EAST-WEST SCHOLARS IN DIALOGUE: Ricci Institute Research Seminar II
The Ricci Institute for Chinese-Western Cultural History at Boston College presents two research seminars in February 2023, which will be delivered by the two Luce postdoctoral fellows in residence during the spring semester. Based on different historical studies, the two presentations will offer an opportunity for academic exchange among scholars today who are interested in the study of the history of Christianity in China and in the larger historical context of modern global history. The seminars are free and open to faculty and students at Boston College, and all interested scholars from other institutions.
Seating is limited. Please RSVP by February 15, 2023 at: email@example.com with the subject as: RSVP to 2023 East-West Scholars in Dialogue series.
SEMINAR II: February 28 (Thursday), 11:00 am – 12:00 noon.
Title: Community and Conflict: Recovering the Lives of Four Chinese Sisters in American Missions in West Hunan, 1924-1951
Speaker: Dr. WANG Lang 王浪, Associate Professor, Beijing Institute of Technology
Abstract: My presentation uncovers the forgotten lives of four Chinese Sisters of two religious orders, the Sisters of Charity of Convent Station, New Jersey and the Sisters of St. Joseph of Baden, Pennsylvania. While American Sisters from these two orders were sent to West Hunan from the United States between 1924 and 1951 following a papal decree issued by Pope Benedict XV in 1919, most of the Chinese Sisters joined the Orders in China itself. Based on archival sources from the two orders of Sisters and articles published in The Sign magazine, my research traces the religious and personal lives of the four Chinese Sisters during the three decades while the missions in West Hunan were primarily conducted by American and European missionaries. This research seeks to identify and define the particular roles played by the Chinese Sisters, including their religious lives, mission responsibilities, and professional activities in the missions. The perception of the Chinese Sisters by the American Sisters, and the manner in which the former acted as a bridge between foreign missionaries and local Chinese women will also be discussed. Ultimately, my research seeks to examine and understand the complex role that the Chinese Sisters played during the early Republican Era. They were often caught between the anti-colonial, anti-imperialistic, and anti-Christian sentiments of their fellow countrymen and their own relationship as Chinese to their native culture and Catholic faith.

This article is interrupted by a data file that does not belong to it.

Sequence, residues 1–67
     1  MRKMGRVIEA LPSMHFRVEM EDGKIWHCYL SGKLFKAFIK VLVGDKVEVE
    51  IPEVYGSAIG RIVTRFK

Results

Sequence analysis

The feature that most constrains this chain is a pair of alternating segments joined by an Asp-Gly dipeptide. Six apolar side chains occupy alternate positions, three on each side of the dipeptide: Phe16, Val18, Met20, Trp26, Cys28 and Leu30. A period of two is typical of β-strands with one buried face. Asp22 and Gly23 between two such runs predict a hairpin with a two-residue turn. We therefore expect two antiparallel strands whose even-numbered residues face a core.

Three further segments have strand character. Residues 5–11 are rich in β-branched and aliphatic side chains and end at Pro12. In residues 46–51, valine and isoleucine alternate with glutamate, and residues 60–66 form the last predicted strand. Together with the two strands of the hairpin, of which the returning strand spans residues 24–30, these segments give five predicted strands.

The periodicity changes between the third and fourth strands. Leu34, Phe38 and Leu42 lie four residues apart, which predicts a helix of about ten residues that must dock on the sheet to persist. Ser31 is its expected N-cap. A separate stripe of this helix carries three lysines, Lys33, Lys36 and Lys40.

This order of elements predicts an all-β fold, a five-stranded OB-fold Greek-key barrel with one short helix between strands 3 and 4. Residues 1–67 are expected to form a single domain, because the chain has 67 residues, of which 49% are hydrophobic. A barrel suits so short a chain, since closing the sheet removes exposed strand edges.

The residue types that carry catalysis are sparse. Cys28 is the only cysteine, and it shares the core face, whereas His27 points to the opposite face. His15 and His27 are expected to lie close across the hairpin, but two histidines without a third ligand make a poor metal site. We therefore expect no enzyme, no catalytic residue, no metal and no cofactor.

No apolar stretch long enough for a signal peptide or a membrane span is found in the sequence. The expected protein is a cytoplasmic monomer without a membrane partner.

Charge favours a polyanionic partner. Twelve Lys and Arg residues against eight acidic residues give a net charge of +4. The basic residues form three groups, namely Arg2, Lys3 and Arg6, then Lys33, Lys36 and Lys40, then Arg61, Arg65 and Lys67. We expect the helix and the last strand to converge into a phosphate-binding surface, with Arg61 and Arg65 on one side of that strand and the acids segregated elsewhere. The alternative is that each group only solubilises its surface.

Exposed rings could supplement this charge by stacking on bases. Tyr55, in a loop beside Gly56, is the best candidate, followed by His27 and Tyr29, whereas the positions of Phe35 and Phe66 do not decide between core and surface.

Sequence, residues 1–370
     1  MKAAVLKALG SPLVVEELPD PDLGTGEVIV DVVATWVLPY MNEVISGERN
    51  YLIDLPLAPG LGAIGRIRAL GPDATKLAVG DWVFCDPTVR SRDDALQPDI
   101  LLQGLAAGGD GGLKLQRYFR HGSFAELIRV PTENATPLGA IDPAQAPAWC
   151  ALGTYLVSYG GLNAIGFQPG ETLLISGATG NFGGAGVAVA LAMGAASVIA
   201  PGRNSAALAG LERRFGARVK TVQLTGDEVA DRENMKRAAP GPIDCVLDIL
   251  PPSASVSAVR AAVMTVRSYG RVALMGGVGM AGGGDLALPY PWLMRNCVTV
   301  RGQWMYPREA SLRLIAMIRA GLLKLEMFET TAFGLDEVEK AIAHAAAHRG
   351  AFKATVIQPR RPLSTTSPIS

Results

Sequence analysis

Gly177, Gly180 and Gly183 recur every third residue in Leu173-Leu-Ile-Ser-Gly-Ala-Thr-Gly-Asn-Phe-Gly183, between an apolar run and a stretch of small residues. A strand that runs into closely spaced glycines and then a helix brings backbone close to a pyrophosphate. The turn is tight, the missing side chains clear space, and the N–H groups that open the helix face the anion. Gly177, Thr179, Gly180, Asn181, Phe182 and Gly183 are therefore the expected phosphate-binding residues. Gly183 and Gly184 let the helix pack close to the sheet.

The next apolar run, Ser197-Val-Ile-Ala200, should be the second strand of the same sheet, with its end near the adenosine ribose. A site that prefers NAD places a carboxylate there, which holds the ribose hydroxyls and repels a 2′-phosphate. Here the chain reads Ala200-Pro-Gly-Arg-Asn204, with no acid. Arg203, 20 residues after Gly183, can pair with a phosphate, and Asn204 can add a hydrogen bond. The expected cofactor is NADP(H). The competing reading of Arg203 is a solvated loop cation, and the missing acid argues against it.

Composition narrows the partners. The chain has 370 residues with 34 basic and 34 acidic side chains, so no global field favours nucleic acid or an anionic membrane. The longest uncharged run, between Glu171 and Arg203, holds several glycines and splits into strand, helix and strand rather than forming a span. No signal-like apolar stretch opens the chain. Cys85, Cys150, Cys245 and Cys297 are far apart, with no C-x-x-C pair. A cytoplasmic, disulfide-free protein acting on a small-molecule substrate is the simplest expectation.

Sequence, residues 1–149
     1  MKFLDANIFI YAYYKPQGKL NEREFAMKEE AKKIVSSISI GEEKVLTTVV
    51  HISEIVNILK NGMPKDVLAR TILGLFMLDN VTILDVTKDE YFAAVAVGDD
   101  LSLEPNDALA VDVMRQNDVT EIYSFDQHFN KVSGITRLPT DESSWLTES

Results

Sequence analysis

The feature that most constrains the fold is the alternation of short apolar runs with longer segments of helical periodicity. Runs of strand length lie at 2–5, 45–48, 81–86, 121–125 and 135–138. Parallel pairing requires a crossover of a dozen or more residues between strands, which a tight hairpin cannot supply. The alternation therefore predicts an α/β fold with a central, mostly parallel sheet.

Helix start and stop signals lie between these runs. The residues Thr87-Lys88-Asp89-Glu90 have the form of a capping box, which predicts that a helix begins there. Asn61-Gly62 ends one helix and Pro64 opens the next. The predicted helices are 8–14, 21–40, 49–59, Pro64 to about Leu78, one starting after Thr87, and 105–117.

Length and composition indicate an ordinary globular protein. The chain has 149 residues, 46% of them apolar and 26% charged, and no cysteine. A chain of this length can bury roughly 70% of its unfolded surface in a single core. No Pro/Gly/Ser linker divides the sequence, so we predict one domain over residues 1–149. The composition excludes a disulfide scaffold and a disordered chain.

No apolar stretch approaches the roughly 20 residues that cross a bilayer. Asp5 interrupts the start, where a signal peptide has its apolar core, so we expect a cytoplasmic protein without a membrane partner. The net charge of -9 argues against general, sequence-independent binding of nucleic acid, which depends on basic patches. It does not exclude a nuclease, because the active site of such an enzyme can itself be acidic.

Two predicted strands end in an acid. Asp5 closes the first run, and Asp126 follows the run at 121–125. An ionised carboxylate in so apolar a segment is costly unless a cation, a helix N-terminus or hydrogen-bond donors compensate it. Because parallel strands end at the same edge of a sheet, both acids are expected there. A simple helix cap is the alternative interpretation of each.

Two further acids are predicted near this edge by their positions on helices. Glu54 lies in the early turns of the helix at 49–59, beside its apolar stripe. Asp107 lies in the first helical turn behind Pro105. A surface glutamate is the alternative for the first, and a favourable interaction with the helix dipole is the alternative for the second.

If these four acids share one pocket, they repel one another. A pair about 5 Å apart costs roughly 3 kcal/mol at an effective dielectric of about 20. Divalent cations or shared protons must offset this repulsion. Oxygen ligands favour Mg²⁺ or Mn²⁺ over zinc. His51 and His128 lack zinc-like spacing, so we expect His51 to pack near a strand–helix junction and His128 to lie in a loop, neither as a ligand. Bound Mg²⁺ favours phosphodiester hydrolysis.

Tuesday, February 28 at 11:00am to 12:00pm
Ricci Institute Conference Room, Boston College 2125 Commonwealth Avenue, Boston, MA 02135